U.S. House Speaker Paul Ryan wouldn’t elaborate Friday when asked what distinguishes allegations of sexual misconduct against U.S. Senate candidate Roy Moore from those facing President Donald Trump.

NPR posed the question to Ryan, R-Janesville, in a radio interview.

“I’m focused on Congress,” Ryan responded. “My job here as Speaker of the House is to help make sure that Congress is an institution that we’re proud of.”

Moore “is running for Congress, and I think the allegations against him were very, very credible.”

Ryan previously called for Moore, R-Ala., to withdraw from Alabama’s U.S. Senate race after at least five women came forward to allege sexual misconduct while they were in their teens and Moore was in his 30s. One said Moore initiated a sexual encounter with her when she was 14. Moore has denied the allegations.

Trump has denied the allegations against him as well. More than a dozen women came forward in the waning days of the 2016 presidential election to say Trump had sexually assaulted or harassed them.

In a 2005 “Access Hollywood” recording made public in October 2016, Trump bragged of grabbing women by their genitals without asking because “when you’re a star, they let you do it; you can do anything.”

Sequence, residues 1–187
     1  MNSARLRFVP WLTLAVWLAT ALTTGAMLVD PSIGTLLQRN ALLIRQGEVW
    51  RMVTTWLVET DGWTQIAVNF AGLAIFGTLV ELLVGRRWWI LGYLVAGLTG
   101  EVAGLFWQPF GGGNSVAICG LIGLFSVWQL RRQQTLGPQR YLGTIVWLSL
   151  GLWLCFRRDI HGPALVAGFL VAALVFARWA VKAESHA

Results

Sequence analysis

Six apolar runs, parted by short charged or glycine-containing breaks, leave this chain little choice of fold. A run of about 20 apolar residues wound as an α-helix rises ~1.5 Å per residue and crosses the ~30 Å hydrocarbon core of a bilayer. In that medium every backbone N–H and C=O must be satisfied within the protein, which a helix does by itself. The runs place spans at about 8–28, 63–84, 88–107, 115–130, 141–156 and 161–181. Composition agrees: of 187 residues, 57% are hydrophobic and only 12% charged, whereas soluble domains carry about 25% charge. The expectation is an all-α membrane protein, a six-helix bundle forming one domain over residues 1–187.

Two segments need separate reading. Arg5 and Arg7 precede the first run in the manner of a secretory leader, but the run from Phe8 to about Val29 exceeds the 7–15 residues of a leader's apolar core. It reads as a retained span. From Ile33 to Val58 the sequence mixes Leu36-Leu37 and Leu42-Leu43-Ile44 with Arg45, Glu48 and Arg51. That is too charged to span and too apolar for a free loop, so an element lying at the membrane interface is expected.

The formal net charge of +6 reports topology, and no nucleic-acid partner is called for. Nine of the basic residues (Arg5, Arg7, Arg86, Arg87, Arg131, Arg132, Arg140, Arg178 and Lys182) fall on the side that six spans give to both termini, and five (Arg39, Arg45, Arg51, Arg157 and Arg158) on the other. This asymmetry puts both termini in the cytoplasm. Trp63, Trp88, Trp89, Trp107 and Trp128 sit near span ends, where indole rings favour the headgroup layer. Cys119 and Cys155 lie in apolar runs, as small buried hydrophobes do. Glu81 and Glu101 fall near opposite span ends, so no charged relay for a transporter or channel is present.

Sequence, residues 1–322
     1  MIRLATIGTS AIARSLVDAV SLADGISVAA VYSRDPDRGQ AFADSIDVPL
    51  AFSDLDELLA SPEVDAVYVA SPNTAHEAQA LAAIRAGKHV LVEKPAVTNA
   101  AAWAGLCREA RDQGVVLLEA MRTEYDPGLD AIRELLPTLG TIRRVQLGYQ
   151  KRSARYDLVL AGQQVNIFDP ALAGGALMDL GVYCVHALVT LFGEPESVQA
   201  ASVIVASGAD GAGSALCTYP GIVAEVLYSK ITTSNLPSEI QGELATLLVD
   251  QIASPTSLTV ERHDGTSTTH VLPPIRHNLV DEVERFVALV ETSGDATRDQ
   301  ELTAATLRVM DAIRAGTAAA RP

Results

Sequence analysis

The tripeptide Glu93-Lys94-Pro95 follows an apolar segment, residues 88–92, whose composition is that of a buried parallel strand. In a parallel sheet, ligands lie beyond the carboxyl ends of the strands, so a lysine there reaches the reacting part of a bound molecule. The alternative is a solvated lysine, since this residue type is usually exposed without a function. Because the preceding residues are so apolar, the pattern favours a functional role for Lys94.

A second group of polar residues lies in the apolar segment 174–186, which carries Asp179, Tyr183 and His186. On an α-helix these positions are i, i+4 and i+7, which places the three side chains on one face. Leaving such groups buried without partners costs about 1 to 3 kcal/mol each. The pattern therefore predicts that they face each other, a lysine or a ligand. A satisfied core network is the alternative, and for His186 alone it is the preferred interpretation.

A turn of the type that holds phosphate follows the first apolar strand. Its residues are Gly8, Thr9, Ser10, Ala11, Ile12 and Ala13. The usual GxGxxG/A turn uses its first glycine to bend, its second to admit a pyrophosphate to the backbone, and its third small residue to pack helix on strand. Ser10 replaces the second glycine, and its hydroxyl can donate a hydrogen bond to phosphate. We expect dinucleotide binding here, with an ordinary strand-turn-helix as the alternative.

Pressed on whether there’s a difference between the allegations against Moore and those against Trump, Ryan demurred.

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“I haven’t spent my time reviewing the difference between these two cases,” Ryan said.

Ryan also said the recent flood of sexual harassment and sexual assault allegations could become a “watershed moment” in changing the culture, including on Capitol Hill, that previously kept them out of public view.

“I think we’re all realizing that sexual harassment in America is absolutely pervasive and it’s got to go and we need to end it,” Ryan said.

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